Chromatin dynamics and locus accessibility in the immune system

Nat Immunol. 2003 Jul;4(7):603-6. doi: 10.1038/ni0703-603.


Development in vertebrates follows distinctive pathways of cellular differentiation. Starting from the zygote, newly formed cells continually differentiate until they reach a final mature fate. Whether differentiating into a neuron, a hepatocyte or a myofibril, every normal cell, with the exception of developing lymphocytes, carries the same genetic information enclosed within its nucleus. To acquire distinct cellular identities, cells need to control gene expression in a very regulated way. Genes encoding factors required for identity at a particular developmental stage need to be appropriately activated, whereas genes required for identity during the previous developmental stage are often silenced. Moreover, once a cell becomes terminally differentiated, 'heritable' gene expression must be maintained in all daughter cells and, thus, faithfully recapitulated after each cellular division.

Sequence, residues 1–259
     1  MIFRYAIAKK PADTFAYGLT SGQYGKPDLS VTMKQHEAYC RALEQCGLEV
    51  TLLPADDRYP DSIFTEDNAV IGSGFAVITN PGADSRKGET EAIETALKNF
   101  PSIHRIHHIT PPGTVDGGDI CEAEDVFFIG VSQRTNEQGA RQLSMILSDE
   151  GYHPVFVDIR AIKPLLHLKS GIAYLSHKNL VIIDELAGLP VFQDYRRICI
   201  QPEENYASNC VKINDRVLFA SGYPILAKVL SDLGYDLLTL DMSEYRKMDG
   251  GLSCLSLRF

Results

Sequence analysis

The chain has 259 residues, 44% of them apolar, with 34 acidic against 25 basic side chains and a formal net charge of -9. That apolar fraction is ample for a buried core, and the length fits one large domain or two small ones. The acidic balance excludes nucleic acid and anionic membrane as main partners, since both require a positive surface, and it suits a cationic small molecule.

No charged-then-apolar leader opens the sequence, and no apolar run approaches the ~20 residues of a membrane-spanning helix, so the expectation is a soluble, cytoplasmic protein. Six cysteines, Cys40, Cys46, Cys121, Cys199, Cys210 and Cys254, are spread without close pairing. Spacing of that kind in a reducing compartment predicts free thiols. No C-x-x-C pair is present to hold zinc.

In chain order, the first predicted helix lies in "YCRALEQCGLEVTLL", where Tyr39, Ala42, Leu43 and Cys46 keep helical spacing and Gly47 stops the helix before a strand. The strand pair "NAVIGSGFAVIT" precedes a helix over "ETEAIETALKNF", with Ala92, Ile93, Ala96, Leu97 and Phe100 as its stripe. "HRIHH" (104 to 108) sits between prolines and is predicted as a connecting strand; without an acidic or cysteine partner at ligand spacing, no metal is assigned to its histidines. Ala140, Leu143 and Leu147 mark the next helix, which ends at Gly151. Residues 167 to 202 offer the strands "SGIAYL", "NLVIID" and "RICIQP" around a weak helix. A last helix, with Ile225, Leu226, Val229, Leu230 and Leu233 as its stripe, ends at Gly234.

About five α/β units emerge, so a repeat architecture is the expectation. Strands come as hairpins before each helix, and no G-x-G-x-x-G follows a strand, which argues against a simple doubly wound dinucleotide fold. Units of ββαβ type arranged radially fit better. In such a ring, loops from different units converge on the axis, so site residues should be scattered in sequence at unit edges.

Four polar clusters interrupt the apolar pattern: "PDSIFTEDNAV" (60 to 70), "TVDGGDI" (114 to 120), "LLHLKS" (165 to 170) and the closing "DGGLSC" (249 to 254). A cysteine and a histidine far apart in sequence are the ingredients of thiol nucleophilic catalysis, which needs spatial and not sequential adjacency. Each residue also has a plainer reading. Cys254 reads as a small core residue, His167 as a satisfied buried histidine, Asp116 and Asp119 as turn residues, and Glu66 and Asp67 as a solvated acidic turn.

Publication types

  • Research Support, Non-U.S. Gov't
  • Research Support, U.S. Gov't, P.H.S.
  • Review

MeSH terms

  • Alleles
  • Animals
  • Chromatin / physiology*
  • Chromosome Mapping
  • Gene Expression Regulation*
  • Gene Rearrangement
  • Gene Silencing
  • Genes, Immunoglobulin
  • Humans
  • Immune System / physiology*
  • Lymphocytes / metabolism*
  • Recombination, Genetic
  • Transcription, Genetic


  • Chromatin